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I have read some different articles that have stated that the center channel speaker should be offset to the left of center slightly. Is this true? If so, how far off center? I am getting ready to place my speakers and would much appreciate it if I knew this info before I do.


Thanks,
 

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The center would best be placed dead center. The dialog would be focused on the on screen better.Then place the mains accordingly. The alignment is the majority in this manner. The center should be placed at the same alignment, (or slightly recessed) from the mains. The center should be at the same height (preferred) if using a THX microperfed screen with your CRT PJ. Or for near-best cinematic sound place the center under the screen and aim it slightly upward. Place the mains on the same plane.
 

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Quote:
Originally posted by alangsk
I have read some different articles that have stated that the center channel speaker should be offset to the left of center slightly.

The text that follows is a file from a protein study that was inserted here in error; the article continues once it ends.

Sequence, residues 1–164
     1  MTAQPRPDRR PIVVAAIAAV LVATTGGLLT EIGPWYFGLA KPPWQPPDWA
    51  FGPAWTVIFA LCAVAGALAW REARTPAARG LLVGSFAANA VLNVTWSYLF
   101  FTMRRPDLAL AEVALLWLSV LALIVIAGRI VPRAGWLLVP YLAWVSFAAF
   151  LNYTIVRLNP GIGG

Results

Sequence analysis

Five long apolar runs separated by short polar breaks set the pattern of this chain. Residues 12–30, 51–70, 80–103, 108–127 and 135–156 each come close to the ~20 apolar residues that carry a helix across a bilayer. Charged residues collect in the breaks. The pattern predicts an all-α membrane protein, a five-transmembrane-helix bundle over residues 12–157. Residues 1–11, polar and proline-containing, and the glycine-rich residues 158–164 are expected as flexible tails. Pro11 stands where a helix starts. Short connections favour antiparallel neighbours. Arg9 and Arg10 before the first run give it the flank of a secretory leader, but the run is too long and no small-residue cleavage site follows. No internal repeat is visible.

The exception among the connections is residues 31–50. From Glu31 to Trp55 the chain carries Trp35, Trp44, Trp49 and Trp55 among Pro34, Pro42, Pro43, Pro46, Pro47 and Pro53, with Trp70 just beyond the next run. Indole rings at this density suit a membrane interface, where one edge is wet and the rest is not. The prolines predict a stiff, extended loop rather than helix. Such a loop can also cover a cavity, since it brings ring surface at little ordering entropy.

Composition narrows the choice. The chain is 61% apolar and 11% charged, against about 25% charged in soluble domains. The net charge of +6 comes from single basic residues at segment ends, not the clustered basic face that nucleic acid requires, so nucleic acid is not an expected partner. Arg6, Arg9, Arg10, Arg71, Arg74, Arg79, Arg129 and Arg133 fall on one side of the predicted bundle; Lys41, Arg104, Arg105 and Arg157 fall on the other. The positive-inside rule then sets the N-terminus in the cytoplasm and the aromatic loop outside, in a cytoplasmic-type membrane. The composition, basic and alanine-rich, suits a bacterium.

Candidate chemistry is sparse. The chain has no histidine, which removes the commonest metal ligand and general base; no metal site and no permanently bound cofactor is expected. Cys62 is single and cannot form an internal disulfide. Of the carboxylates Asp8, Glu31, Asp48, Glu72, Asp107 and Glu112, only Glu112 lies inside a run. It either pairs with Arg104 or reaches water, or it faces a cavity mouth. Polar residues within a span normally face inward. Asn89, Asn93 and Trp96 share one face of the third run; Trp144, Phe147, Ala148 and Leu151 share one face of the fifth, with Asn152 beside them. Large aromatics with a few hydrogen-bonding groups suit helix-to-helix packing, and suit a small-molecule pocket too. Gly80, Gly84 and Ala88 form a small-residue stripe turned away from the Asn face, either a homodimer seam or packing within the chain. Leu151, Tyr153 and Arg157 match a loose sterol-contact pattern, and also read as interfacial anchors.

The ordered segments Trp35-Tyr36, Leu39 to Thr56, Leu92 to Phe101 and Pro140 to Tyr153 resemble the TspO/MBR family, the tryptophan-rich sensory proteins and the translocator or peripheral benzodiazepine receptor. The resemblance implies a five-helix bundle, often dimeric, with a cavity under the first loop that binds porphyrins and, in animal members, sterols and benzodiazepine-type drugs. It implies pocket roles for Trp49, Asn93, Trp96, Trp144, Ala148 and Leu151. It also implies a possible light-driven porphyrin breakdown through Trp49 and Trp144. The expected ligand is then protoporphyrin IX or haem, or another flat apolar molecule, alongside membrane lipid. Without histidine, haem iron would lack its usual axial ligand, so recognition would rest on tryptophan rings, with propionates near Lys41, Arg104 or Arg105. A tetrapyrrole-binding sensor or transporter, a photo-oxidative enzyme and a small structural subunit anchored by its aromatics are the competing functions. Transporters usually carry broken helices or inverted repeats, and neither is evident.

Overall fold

\\


do you have links to any of those articles?
 

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funny, Dennis Erskine, who knows a few things about sound in an HT suggests placement above the screen due to the fact that we don't localize sounds that are above us as much as those below us. I agree that the goal is to keep it as close to level with the mains as possible-- particularly the tweeter as this is more directional.
 

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The center speaker should be placed slightly off-center of the width the room to prevent excitation of room modes. Six to eight inches to either the left or the right is sufficient. Russ Herschelman (sp?) has written numerous articles about proper placement of speakers and seating relative to each other and the room's dimensions in various home theater magazines. Given the importance of this issue it is ironic how few people set up their home theaters correctly.
 

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In the unlikely event of the center channel (not the subwoofer) creating a problematic low frequency resonance, moving it six to eight inches wouldn't be enough I'm afraid. You'd have to move it more to one side, which would mess up the symmetry of your front sound stage. The dialog wouldn't appear to come from the right place, among other problems.


If your center speaker actually did succeed in exciting a widthwise resonant mode, it would likely be fairly high - over 100 Hz. This is best controlled through wide-band absorption, which a home theater probably needs anyway to maintain uniformly low reverberation across all frequencies.


Regards,

Terry
 
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